All entering freshmen at UW-Madison are placed in mathematics courses according to their demonstrated "competency levels"- a determination made on the basis of high school work and performance on the University of Wisconsin System Mathematics Placement Test. The competency level description appears at the end of this section (p. 9), showing various areas of college study, with the appropriate competency level for each. The competency levels are minimum, intermediate, and advanced. Normally, a student working conscientiously in a mathematics program would reach minimum competence after two years of high school study, intermediate after three, and advanced after four. These results have not been realized by students tested for UW-Madison. In the fall of 1986, entering freshmen who had two years of high school mathematics failed to achieve minimum competence in 60% of the cases. Students with three years of high school mathematics fell below minimum competence in 30% of the cases, at minimal competence in 28% of the cases, and at intermediate competence in only 42%.Part of this gap between the ideal and the actual may result from high school courses that do not cover the mathematical material central to college preparation. Another part of this gap is unquestionably the result of students who do not learn the central material at a level high enough for college preparation; more on this topic appears in the next section, "Learning Mathematics." Finally there is the problem of lack of retention. Students who do not take mathematics during their senior year forget significant parts of the mathematics they once knew, and they enter college at a level below the best they have attained.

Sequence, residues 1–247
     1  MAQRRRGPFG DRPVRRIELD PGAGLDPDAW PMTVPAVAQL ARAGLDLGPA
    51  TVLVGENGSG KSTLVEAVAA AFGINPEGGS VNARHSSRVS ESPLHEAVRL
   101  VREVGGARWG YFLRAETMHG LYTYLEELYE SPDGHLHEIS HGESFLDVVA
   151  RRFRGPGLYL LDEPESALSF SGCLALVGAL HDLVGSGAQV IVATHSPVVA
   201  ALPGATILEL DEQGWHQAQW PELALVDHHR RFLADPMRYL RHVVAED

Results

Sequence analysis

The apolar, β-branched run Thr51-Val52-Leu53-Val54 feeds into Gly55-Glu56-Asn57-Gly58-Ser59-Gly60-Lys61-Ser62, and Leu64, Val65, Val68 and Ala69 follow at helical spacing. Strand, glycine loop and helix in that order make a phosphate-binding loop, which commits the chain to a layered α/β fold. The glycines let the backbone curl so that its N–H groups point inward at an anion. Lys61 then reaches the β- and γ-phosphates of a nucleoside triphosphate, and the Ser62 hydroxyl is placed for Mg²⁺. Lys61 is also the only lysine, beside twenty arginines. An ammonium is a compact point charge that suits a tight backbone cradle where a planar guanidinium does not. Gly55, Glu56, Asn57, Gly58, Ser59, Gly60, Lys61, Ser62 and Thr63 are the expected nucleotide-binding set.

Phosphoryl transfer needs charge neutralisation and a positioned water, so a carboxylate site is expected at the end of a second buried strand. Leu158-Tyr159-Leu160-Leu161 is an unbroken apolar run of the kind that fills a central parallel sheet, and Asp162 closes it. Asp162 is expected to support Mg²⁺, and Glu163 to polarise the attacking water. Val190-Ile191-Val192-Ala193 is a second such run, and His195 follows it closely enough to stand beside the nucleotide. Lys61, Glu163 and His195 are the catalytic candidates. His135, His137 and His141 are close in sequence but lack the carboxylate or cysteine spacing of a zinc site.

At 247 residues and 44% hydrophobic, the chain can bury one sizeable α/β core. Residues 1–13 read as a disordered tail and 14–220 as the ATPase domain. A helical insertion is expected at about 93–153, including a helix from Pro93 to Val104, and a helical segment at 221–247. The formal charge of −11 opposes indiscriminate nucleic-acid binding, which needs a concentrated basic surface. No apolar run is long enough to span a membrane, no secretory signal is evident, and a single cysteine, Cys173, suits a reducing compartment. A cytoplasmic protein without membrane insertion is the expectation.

Geometry, algebra/pre-calculus, and trigonometry are the core of the college
preparatory program. Geometry must be studied at the level of learning associated with a
college-track course; basic geometry courses are not sufficient. Algebra needs to be
mastered thoroughly-students wishing to be well prepared will take two algebra courses.
Precalculus refers to material such as function notation, logarithms and exponentials, and
analytic geometry. Calculus itself fits into the core if taught in a version generating